Conference call etiquette

Still don't have an answer to the penguin question

I’m doing more conference calls these days, but so is everyone else. It’s the perfect activity if you are working from home: your boss knows you are apparently doing something, but it’s the sort of activity that needn’t interrupt other home-office tasks – such as watching Homes Under The Hammer, or playing internet poker.

Another reason that I’m doing more calls is that, for decision makers who don’t like to make decisions, it’s the answer to every question:

Me: If penguins wore trousers, would they be better off with a belt or braces? They’ve got no hips, but no shoulders either.

Decision maker: I’ll set up a call

There are informal rules of etiquette for these calls. If you are new to conference calling, the most important thing is to have another activity – such as deleting spam, indulging in ritualised self-harm, or squeezing out quiet tears of rage – that you can perform comfortably at your desk during the call.

I almost finished that paragraph off with “…to avoid disappointment”, which is ridiculous. Conference calls are institutionalised disappointment. We tolerate them only because we don’t have to look each other in the eyes while we waste each other’s lives.

So, for newbies, this is what to expect:

Day minus 2: Marketing Person 1 decides we need a call to discuss the Penguin Pants Project Crisis that you have created. A flurry of emails results, during which we establish that there are no mutually acceptable times for the next three months. Eventually Alpha Male 1 sends an irritated email saying that his PA could possibly try to move some things around for him because he’s about to get on a flight to Singapore. PA instantly offers six available slots in the next 48 hours. The call is set up for the day after tomorrow.

D -1: Marketing Person 1 sends calendar notification to all announcing that The Bridge Has Been Set Up. It includes dial-in details for a list of 25 countries, not including the one you are in – but including Slovakia and Norway, where your company doesn’t have offices.

Day zero: Emails from three people asking if our call is still going ahead, because if not they have another call that’s quite important, but don’t worry they’ll cancel the other call, even though it’s quite important, if our call is still going ahead.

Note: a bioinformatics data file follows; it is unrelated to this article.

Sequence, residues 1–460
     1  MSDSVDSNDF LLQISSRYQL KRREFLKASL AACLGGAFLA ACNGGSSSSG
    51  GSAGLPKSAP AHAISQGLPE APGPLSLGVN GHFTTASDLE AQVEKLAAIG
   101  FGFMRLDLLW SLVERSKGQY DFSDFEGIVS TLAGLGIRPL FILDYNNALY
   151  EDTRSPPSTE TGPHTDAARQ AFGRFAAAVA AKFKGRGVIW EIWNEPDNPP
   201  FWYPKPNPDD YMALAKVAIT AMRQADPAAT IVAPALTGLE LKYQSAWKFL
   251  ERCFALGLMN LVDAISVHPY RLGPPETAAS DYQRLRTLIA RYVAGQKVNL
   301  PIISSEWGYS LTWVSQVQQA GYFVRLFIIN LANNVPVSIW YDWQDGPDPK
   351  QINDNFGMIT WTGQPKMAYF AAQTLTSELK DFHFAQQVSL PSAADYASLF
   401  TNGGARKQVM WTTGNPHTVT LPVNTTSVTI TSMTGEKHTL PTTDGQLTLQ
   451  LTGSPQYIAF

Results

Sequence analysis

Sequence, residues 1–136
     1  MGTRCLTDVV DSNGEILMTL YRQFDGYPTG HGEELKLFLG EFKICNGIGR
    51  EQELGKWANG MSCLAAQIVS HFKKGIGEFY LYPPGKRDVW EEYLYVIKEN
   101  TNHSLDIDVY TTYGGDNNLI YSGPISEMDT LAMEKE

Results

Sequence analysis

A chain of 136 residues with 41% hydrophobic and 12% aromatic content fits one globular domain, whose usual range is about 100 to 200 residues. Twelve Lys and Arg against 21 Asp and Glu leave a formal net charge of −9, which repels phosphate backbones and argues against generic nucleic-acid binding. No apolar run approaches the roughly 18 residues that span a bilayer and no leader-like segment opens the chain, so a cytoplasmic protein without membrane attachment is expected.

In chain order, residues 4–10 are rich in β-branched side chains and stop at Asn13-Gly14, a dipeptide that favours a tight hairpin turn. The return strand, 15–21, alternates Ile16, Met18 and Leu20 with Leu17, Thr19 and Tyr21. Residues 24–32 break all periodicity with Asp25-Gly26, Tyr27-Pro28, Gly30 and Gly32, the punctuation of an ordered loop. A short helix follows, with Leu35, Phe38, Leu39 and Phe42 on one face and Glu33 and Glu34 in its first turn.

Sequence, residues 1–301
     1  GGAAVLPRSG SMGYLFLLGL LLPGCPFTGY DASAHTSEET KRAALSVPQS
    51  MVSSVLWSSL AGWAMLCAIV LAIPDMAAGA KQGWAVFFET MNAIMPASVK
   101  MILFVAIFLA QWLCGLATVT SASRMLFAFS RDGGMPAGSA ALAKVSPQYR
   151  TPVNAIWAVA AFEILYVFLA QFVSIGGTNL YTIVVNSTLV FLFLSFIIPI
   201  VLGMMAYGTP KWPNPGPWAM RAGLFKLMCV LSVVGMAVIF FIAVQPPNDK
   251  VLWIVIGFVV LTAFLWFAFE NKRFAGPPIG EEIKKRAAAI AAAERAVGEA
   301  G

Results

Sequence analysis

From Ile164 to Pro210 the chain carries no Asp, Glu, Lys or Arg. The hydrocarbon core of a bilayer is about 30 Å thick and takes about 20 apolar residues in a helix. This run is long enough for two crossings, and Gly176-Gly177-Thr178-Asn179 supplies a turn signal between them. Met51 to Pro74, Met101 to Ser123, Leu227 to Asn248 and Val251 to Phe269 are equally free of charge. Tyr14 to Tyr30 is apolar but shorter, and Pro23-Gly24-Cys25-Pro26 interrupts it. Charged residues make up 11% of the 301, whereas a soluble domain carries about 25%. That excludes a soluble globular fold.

Time -55 minutes: Email from someone who is confused by daylight saving time, asking where everyone is.

T -15 minutes: Email from Marketing Person 1 to remind us that the call is in 15 minutes. Response email from Alpha Male 2 warning that his previous call with Important Customer might not finish on time to join our call. Try to get the ball rolling without me, he says, difficult though it might be.

T +2 minutes: After frantic and unsuccessful attempts to dial in, you call from your mobile using the Slovakian access number. It’s just you and a marketing intern on the call. The intern has been instructed by Marketing Person 1 not to say anything during the call. Small talk is difficult.

T +5 minutes: Someone who speaks no English dials in using the Norwegian access number. This may, or may not, be a mistake. Small talk not improving.

T +5 to T +15 minutes: A new person joins each time you get three words into a sentence. Fragments of speech about difficulty of using access codes, and weather in New York/Singapore/Slovakia, occur. Alpha Male 1 and Alpha Male 2 have not joined yet, but seven middle managers you’ve never heard of are present on the call. They seem to know each other, despite being based in different continents, and exchange opinions about previous relevant conference calls to which you were not invited.

(I hear the opinion that these call-hangers don’t contribute. If we look at the conference call as an attempt to make a decision, this is certainly true. On the other hand their real job is to send emails afterwards to a Senior Person which

1. Questions the wisdom of any decision, hinting that it might undermine Senior Person’s authority

2. Suggest Alpha Males 1 and 2 might be unhappy with the outcome agreed on call

3. Subtly implicate you as the cause of both

This makes sure that any decisions will swiftly be reversed, giving them the opportunity to build a career based on lurking destructively in the background.)

T +15 minutes: Alpha Male 1 joins from airport lounge, and asks us to recap summary of Penguin Pants Project Crisis. Marketing Person 1 attempts to do this, but airport announcements picked up by Alpha Male 1’s phone keep cutting in.

T +20 minutes: Alpha Male 2 joins, and tells us to carry on as if he wasn’t there.

T +21 minutes: After 10 seconds, Alpha Male 2 announces he hasn’t received the agenda for the call from Marketing Person 2. Intern is silently surprised when he is blamed by Marketing Person 2 for this. He is sent to email the document (which he doesn’t possess) so that Alpha Male 2 will have the opportunity to learn why he was on the call after we hang up. Alpha Male 2 asks that, in the absence of an agenda, Alpha Male 1 clarifies Marketing Person 1’s recap of the summary.

T +25 minutes: Silence.